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United States v. Hurlburt

United States Court of Appeals, Seventh Circuit

August 29, 2016

United States of America, Plaintiff-Appellee,
v.
Tony A. Hurlburt, Defendant-Appellant. United States of America, Plaintiff-Appellee,
v.
Joshua Gillespie, Defendant-Appellant.

          Argued December 2, 2015

         Appeal from the United States District Court for the Western District of Wisconsin. No. 14-cr-62-jdp - James D. Peterson, Judge.

         Appeal from the United States District Court for the Western District of Wisconsin. No. 14-cr-106-wmc - William C. Conley, Chief Judge.

          Before WOOD, Chief Judge, and POSNER, Flaum, Easterbrook, Kanne, Rovner, Williams, Sykes, and Hamilton, Circuit Judges.

          SYKES, CIRCUIT JUDGE.

         Tony Hurlburt and Joshua Gillespie pleaded guilty in separate cases to unlawfully possessing a firearm as a felon. See 18 U.S.C. § 922(g)(1). Their appeals raise the same legal issue, so we've consolidated them for decision. To calculate the Sentencing Guidelines range in each case, the district court began with U.S.S.G. § 2K2.1(a), which assigns progressively higher offense levels if the defendant has one or more prior convictions for a "crime of violence." The term "crime of violence" is defined in the career-offender guideline and includes "any offense ... that... is burglary of a dwelling, arson, or extortion, involves use of explosives, or otherwise involves conduct that presents a serious potential risk of physical injury to another." Id. § 4B1.2(a)(2) (2014) (emphasis added). The highlighted text is known as the "residual clause."

         The residual clause in § 4B1.2(a)(2) mirrors the residual clause in the Armed Career Criminal Act ("ACCA"), which steeply increases the minimum and maximum penalties for § 922(g) violations. 18 U.S.C. § 924(e)(2)(B). One year ago the Supreme Court invalidated the ACCA's residual clause as unconstitutionally vague. Johnson v. United States, 135 S.Ct. 2551, 2563 (2015). The question here is whether Johnson's holding applies to the parallel residual clause in the career-offender guideline. An emerging consensus of the circuits holds that it does. See infra pp. 16-17.

         In this circuit, however, vagueness challenges to the Sentencing Guidelines are categorically foreclosed. Circuit precedent-namely, United States v. Tichenor 683 F.3d 358, 364-65 (7th Cir. 2012)-holds that the Guidelines are not susceptible to challenge on vagueness grounds. But Tichenor was decided before Johnson and Peugh v. United States, 133 S.Ct. 2072 (2013), which have fatally undermined its reasoning. Accordingly, we now overrule Tichenor. Applying Johnson, we join the increasing majority of our sister circuits in holding that the residual clause in § 4B1.2(a)(2) is unconstitutionally vague.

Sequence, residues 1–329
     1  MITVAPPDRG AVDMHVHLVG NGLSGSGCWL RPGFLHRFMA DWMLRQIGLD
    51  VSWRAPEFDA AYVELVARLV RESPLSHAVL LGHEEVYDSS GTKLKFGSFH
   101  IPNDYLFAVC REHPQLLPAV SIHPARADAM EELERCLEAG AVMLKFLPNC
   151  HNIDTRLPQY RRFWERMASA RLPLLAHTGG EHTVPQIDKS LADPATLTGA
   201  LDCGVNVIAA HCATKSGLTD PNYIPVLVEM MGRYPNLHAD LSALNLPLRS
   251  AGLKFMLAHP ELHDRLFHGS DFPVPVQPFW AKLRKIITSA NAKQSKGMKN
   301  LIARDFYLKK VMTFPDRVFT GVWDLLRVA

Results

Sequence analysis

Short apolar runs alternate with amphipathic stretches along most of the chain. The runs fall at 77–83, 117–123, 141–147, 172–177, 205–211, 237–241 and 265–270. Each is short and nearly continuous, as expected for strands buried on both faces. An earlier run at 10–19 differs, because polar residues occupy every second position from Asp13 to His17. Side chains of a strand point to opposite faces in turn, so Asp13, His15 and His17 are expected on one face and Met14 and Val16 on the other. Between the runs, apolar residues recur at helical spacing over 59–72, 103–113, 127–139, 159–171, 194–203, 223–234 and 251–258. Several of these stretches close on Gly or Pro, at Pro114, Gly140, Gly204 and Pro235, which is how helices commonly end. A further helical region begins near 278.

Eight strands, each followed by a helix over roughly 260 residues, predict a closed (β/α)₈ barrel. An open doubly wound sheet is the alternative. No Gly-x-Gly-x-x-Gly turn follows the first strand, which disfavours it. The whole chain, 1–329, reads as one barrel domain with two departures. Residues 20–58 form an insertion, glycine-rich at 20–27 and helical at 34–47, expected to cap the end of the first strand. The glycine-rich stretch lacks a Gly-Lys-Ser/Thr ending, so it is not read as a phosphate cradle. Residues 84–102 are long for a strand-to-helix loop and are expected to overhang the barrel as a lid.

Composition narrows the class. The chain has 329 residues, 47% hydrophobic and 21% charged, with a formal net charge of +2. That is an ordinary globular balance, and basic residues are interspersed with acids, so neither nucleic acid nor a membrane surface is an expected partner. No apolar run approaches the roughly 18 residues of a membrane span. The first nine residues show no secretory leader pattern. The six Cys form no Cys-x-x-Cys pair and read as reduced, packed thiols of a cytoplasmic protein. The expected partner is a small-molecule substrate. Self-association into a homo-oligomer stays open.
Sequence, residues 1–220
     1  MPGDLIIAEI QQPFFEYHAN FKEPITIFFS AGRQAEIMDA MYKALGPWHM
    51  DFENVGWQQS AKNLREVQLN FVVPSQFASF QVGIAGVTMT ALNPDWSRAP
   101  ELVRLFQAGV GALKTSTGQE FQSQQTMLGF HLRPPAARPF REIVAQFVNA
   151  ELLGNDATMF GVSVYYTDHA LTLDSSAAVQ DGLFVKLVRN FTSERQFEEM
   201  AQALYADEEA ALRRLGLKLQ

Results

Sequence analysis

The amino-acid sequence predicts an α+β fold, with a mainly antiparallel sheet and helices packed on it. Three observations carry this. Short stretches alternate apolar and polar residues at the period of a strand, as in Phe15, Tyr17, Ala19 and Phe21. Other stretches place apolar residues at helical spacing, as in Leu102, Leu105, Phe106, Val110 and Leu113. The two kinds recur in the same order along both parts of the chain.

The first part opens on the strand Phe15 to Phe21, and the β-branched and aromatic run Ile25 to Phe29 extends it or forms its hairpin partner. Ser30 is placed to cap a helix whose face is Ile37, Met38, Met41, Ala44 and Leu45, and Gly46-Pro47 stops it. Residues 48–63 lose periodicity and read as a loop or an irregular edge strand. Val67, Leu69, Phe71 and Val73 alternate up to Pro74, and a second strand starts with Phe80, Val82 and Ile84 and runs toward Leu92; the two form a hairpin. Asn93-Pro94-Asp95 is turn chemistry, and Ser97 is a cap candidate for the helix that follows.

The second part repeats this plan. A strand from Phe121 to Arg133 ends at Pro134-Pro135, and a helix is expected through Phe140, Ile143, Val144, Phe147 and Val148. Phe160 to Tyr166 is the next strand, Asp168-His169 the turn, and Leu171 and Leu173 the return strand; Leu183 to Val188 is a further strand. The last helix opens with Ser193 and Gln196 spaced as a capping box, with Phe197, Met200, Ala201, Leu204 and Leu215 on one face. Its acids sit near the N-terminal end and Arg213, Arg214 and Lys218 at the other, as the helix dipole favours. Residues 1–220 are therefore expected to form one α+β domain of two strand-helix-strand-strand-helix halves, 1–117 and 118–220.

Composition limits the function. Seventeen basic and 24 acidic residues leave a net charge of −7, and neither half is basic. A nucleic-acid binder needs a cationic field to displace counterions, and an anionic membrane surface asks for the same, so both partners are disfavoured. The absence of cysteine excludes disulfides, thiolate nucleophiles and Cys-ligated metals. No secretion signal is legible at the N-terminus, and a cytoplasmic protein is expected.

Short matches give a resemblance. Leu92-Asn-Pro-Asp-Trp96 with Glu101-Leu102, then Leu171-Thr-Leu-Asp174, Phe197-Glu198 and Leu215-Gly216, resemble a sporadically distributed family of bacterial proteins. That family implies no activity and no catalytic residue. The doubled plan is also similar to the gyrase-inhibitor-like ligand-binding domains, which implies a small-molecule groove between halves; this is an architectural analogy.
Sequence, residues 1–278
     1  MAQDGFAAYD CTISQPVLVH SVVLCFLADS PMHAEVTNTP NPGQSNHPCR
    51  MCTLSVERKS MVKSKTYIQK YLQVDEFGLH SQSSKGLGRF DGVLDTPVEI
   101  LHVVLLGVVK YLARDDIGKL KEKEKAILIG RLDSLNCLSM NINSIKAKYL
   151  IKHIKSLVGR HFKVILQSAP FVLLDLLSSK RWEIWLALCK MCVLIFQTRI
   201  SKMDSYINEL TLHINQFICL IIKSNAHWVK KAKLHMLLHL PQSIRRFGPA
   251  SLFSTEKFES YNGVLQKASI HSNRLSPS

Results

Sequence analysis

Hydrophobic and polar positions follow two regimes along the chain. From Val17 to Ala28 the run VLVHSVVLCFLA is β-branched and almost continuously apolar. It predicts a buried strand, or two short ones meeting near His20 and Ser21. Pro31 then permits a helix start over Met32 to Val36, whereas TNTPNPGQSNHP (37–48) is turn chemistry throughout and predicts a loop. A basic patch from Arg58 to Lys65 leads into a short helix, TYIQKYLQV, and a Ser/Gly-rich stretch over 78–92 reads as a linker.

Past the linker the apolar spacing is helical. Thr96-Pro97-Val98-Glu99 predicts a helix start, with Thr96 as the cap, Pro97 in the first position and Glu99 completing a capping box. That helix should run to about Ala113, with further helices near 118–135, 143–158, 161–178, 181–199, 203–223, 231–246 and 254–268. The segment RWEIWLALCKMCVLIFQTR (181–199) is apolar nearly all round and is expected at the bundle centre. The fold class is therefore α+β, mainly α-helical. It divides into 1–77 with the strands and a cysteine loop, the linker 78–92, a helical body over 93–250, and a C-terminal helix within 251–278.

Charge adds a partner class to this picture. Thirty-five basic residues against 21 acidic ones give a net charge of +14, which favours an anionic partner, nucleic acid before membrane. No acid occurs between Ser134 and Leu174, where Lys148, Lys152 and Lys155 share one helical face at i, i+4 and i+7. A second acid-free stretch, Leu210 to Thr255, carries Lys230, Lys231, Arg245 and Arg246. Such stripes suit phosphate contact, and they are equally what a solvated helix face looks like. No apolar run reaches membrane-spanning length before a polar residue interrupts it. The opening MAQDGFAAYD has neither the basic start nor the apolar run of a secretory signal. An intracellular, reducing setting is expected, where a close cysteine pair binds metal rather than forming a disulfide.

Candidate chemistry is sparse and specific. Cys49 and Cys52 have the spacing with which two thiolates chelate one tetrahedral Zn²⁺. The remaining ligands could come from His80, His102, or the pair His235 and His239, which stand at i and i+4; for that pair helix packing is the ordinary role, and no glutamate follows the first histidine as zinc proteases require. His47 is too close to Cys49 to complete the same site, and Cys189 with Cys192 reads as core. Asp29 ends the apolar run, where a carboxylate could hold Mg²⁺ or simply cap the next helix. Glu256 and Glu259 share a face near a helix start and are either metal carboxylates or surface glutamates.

I. Background

         Tony Hurlburt was charged in a two-count indictment with possessing a firearm as a felon, see § 922(g)(1), and possessing a short-barreled shotgun, see 26 U.S.C. §§ 5841, 5845(a)(2), and 5861(d). He pleaded guilty to the felon-in-possession count; the second count was dismissed.

         Under the Sentencing Guidelines, the offense level for the crime of unlawful firearm possession depends in part on the defendant's criminal history. For Hurlburt's crime the base offense level ordinarily is 18. § 2K2.1(a)(5). But if the defendant has a prior conviction for a "crime of violence or a controlled substance offense, " the base offense level is 22. § 2K2.1(a)(3). For a defendant with two or more prior convictions of either type, the base offense level jumps to 26. §2K2.1(a)(1).

         Application Note 1 to § 2K2.1 incorporates the "crime of violence" definition in the career-offender guideline, which reads:

(a) The term "crime of violence" means any offense under federal or state law, punishable by imprisonment for a term exceeding one year, that-
(1) has as an element the use, attempted use, or threatened use of physical force against the person of another, or
(2) is burglary of a dwelling, arson, or extortion, involves use of explosives, or otherwise involves conduct that presents a serious potential risk of physical injury to another.

U.S.S.G. § 4B1.2(a) (emphasis added). The highlighted text is known as the "residual clause."

         Hurlburt has a prior conviction for armed burglary, and at sentencing he conceded that this conviction qualifies as a predicate crime of violence. The government argued that another of Hurlburt's prior convictions-for discharging a firearm into a building or vehicle, see Wis. St AT. § 941.20- should also count as a crime of violence. More particularly, the government argued that this second conviction qualified under § 4B1.2(a)(2)'s residual clause. Over Hurlburt's objection the district judge accepted this argument.

         With two predicate convictions for crimes of violence, Hurlburt's base offense level was 26, and the recommended sentencing range was 84-105 months. The judge imposed a below-range sentence of 72 months. Without the second career-offender predicate, the Guidelines range drops to 57-71 months.